GPD clears officers of wrongdoing in racial profiling complaint

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zared jones
Zared Jones, a 29-year-old nursing assistant, waits outside the Boiler Room on Sept. 10, 2016.

Command staff at the Greensboro Police Department have determined that five officers appropriately handled a September 2016 incident in which a young, black man complained that they harassed him and his friends, and then unnecessarily escalated tension resulting in their arrests.

In a complaint filed in August, Zared Jones alleges that he approached Cpl. Korey R. Johnson and complained that he had been assaulted when a bouncer at the Boiler Room, a bar on McGee Street in downtown Greensboro, threw him out.

Todd Olson, who owns the Boiler Room, declined to comment in an email on Sunday on Jones’ characterization of the incident.

Jones’ complaint alleges that after Johnson took Jones’ ID and went to investigate, other officers with the downtown bike patrol asked Jones and his friends to leave. At one point, the complaint alleges, Sgt. Steven Kory Flowers grabbed Jones by the arm and slammed a cuff on his wrist. One of Jones’ friends tried to intervene, and other officers forcibly arrested him.

Capt. Teresa Biffle, commander of the professional standards division, said in a Nov. 8 letter obtained by Triad City Beat that the department’s internal investigation determined that the officers “did not make a bias-based arrest, search, or seizure during their account with Mr. Jones on Sept. 10, 2016.

“Likewise,” Biffle wrote, “the applicable chain of command determined the evidence available to the officers at the time of Mr. Jones’ arrest established probable cause for the arrest, and Mr. Jones’ arrest was therefore lawful.”

Jones was charged with misdemeanor second-degree trespassing and misdemeanor intoxicated and disruptive. The Guilford County District Attorney’s office dropped the charges in May.

Graham Holt, a lawyer who represents Jones, said his client will appeal the police department’s determination to the police community review board.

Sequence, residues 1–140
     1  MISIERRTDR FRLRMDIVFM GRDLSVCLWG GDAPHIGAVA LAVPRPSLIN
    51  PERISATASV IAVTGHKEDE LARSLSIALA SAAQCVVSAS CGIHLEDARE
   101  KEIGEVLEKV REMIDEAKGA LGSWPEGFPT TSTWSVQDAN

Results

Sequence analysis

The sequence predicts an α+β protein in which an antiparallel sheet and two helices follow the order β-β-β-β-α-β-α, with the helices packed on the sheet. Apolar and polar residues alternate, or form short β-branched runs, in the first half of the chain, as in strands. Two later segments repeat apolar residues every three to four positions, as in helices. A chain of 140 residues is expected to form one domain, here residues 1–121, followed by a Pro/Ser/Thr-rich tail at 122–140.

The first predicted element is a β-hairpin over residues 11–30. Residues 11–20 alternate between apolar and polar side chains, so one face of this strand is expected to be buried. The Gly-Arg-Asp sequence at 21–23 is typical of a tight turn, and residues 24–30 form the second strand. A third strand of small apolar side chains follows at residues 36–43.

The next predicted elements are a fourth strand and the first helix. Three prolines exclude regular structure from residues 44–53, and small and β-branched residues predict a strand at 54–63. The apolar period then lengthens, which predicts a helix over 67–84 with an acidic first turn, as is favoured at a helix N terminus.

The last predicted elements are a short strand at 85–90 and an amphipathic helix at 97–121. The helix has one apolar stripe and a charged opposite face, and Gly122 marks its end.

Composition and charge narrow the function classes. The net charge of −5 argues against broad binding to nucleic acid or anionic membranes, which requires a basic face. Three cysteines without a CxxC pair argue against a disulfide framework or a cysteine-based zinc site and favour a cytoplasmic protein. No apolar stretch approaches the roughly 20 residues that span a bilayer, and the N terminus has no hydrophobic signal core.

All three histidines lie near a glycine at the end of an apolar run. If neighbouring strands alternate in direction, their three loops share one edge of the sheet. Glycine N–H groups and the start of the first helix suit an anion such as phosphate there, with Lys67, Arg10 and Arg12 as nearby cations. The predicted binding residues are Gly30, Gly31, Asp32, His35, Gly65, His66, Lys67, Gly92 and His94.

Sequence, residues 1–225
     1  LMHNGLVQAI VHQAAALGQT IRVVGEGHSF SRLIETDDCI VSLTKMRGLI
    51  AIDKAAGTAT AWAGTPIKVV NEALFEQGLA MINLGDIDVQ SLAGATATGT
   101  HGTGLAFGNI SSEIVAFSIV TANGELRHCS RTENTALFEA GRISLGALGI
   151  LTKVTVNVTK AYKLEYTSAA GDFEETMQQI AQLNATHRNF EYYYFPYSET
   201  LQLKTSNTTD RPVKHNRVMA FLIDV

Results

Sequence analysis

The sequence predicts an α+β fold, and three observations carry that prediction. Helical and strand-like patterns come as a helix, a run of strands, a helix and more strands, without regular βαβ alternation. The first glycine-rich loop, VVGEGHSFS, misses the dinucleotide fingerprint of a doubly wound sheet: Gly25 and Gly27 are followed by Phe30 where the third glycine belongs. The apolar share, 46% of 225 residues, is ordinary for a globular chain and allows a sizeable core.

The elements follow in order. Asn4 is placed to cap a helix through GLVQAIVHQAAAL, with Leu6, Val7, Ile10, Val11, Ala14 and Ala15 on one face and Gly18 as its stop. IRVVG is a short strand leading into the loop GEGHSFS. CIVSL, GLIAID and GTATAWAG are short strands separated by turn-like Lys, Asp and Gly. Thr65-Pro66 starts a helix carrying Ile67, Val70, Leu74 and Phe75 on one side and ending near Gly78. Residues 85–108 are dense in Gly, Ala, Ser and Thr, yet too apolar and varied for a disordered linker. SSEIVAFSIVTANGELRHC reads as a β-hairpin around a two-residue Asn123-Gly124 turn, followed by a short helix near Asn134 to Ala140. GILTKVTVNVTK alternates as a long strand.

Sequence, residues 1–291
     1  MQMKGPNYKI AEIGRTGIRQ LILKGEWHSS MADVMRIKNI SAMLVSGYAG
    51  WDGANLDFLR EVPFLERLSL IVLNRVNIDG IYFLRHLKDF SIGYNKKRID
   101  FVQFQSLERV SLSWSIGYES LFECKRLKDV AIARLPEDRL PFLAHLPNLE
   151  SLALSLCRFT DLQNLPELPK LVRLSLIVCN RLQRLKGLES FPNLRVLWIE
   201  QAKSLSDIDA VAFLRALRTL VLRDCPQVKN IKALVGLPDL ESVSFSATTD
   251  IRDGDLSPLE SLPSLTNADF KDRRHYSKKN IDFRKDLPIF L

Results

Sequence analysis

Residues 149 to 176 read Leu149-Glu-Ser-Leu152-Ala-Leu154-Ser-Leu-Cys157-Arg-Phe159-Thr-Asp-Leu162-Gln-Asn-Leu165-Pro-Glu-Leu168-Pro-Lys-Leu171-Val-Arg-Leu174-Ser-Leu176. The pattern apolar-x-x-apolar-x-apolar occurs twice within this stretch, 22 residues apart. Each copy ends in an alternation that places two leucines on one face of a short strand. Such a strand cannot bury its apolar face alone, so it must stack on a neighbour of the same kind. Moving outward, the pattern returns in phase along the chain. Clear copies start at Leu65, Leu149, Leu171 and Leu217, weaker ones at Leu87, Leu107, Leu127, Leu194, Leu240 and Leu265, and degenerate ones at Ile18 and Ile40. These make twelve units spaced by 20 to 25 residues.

“There were white people standing all around watching what was going on, presumably wondering what the police were doing,” Holt said. “Zared’s friends were doing the exact same thing as these white people, but they got treated as second-class citizens that didn’t belong there and were arrested. This happened because of a culture of racism within the police department. The higher-ups, the chain of command, according to the letter we received from Capt. Biffle, think this is acceptable police conduct. To arrest Zared for nothing. Zared broke no law. It’s obvious on the video of the incident that he broke no law.”

Susan Danielsen, the public information officer, said the department is unable to comment on the incident because it is review by the police complaint review committee and could potentially turn into a lawsuit.

Jones said through Holt that he wants the police department to clarify the normal procedure for responding to a citizen report of assault.

“He wants to know why that was not addressed and why the assault he reported was never addressed,” Holt said.

Comments

comments

  • Back the blue

    You failed to mentioned that one of Jones friend assaulted Officer Alvarez prior to the arrest.